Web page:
NIST derived credential guide

How to enable secure PIV access from mobile phones and tablets

 

 

 

 

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NIST DERIVED CREDENTIAL GUIDELINES

Over the past several months, Intercede has been working closely with the National Cybersecurity Center of Excellence (NCCoE) at the National Institute of Standards and Technology (NIST) on a cybersecurity project for the federal sector.  

The NCCoE is a collaborative hub where industry organizations, government agencies, and academic institutions work together to address government and businesses’ most pressing cybersecurity challenges. I’m excited to share that the NCCoE has just released a second draft practice guide entitled NIST SP 1800-12, Derived Personal Identity Verification (PIV) Credentials 

The guide explores methods that federal and commercial organizations can use to extend the identity proofing and authentication associated with PIV Cards to mobile devices. The guide also maps security characteristics to standards, guidance, and best practices from NIST, including the Homeland Security Presidential Directive-12 and related Federal Information Processing Standard 201 specifications.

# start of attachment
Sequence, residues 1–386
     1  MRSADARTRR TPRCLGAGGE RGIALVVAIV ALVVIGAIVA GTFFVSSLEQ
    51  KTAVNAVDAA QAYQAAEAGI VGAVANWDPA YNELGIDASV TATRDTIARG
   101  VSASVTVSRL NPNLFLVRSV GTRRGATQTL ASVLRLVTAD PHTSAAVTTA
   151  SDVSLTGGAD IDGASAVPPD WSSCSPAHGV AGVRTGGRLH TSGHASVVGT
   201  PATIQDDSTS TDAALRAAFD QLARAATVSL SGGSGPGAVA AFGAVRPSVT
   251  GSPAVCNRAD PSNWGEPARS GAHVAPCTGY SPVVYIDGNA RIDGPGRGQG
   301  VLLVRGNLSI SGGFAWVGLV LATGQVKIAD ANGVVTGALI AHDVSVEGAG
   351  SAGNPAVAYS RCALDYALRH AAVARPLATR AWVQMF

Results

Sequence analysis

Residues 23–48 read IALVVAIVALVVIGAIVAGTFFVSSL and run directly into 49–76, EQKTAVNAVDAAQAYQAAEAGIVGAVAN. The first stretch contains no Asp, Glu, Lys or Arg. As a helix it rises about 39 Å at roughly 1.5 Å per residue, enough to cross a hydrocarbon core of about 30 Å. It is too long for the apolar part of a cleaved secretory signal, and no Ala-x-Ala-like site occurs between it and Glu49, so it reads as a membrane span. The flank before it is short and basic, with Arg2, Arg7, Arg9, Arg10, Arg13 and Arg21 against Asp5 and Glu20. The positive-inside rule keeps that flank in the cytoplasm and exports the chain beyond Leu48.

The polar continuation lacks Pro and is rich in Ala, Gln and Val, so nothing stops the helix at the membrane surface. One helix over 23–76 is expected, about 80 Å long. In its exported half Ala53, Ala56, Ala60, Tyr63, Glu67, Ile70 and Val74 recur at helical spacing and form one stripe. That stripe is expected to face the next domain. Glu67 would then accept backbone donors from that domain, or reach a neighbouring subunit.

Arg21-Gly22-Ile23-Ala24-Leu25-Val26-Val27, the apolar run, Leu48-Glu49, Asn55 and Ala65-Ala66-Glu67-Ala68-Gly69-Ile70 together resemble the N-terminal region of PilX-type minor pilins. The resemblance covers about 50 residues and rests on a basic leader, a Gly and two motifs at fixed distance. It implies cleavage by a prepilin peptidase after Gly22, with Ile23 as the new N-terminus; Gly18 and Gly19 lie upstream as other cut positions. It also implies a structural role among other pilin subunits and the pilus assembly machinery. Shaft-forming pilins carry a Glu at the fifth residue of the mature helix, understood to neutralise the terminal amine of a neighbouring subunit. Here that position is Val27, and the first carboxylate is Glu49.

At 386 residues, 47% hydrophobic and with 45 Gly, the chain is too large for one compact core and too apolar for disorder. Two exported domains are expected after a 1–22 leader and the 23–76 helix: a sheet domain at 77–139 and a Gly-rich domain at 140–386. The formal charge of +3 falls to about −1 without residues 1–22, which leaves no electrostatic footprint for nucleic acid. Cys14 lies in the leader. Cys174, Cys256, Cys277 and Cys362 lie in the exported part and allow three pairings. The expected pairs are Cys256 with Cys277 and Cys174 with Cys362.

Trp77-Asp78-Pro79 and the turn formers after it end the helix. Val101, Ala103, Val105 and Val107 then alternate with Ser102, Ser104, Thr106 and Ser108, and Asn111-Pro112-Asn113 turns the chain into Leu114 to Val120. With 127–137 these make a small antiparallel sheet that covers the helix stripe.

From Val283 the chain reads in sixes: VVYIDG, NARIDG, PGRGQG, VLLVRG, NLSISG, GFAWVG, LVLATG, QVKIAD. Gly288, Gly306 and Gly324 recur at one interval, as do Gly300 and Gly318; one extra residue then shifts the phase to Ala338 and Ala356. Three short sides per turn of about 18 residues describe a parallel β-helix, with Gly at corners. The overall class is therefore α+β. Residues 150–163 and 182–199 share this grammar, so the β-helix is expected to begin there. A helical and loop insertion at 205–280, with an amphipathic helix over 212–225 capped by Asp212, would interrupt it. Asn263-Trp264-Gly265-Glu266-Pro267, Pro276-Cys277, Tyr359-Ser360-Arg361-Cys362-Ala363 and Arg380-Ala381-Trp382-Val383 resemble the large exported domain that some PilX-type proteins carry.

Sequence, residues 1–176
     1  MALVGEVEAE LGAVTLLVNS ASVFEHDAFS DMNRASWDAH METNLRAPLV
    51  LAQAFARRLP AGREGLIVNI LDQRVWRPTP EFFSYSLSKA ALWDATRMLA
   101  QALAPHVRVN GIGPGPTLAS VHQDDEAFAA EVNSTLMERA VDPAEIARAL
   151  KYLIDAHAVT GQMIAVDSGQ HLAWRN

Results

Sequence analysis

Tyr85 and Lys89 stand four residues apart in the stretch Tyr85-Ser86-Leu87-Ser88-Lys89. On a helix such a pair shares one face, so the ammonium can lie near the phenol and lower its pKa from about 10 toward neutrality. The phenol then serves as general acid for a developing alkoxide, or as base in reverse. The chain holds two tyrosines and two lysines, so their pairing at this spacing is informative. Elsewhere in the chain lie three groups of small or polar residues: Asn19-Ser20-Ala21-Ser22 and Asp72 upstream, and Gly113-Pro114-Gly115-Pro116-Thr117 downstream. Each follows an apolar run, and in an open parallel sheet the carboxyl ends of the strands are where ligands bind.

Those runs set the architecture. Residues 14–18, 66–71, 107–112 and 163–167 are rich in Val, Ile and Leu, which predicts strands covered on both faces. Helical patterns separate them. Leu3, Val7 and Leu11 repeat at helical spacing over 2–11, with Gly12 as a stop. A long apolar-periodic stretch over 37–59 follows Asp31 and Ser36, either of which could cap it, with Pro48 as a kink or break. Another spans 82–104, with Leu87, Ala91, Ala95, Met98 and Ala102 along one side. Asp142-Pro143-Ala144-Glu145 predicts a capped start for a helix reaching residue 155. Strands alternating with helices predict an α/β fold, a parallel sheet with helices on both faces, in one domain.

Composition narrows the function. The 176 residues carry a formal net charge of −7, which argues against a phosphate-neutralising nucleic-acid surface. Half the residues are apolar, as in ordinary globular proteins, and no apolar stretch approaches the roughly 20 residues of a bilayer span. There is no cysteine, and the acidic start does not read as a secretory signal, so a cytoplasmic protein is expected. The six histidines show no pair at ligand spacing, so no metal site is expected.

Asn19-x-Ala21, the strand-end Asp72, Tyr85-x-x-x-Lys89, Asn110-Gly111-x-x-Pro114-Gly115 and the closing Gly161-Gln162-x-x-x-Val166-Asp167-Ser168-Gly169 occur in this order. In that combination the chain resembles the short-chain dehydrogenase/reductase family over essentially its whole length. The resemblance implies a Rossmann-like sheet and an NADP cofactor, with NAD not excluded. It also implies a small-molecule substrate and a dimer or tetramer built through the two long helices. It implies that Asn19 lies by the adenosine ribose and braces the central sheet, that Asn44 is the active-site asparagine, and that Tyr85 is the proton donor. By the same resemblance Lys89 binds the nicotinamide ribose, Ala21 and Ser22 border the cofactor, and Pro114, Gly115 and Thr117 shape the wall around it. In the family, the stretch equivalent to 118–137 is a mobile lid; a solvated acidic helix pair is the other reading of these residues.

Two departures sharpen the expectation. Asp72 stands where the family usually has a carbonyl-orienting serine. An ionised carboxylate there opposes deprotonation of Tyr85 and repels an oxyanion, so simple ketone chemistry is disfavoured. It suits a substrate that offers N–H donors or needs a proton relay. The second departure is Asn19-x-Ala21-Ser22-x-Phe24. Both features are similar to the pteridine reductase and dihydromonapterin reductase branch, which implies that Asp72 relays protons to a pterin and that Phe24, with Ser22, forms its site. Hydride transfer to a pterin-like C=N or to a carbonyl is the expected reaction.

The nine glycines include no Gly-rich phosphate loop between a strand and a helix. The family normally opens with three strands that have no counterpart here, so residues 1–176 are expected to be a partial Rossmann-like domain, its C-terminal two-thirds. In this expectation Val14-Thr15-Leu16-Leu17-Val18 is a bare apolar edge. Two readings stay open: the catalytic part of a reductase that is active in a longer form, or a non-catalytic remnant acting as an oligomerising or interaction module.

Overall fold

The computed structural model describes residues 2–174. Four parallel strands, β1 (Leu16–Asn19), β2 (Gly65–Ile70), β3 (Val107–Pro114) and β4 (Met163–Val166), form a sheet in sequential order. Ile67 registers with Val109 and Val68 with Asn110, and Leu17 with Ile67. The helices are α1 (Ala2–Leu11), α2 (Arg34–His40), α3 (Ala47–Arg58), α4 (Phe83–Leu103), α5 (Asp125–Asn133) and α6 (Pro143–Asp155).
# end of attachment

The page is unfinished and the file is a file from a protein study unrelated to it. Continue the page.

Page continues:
To complete this guide, the NCCoE also collaborated with these technology vendors: Entrust Datacard, IBM, Intel, Intercede, MobileIron, Verizon, and VM Ware.

The draft is available for download on the NCCoE website. Please share your thoughts with the NCCoE on this step-by-step guide to help make it better. The comment period is now open and will close on October 1, 2018.

This practice guide can help federal agencies and other organizations that use smart-card-based credentials or other means of authentication identity reduce their risk by showing how commercially available technologies, like Intercede's MyID*, can be used to extend the identity proofing and authentication associated with PIV Cards to mobile devices. The NCCoE and we think the guide helps meet a critical cybersecurity need, but we’d like to hear from you.

“Collaborating with stakeholders such as federal agencies, businesses, technology providers, and integrators to produce viable cybersecurity solutions is key to the NCCoE’s success. The Derived PIV Credentials Practice Guide is another successful example of how these stakeholders engage with the NCCoE to produce solutions to real-world problems such as protecting IT systems through implementation of secure authentication standards.”

Bill Newhouse
computer scientist and project lead for the NCCoE’s Derived PIV Credentials Project team

 

Please Download the guide and provide your thoughts on the NCCoE website.

*While the example implementation uses certain products, including MyID, NIST and the NCCoE do not endorse these products. The guide presents the characteristics and capabilities of those products, which security experts can use to identify similar standards-based products that will fit within with their organization’s existing tools and infrastructure.

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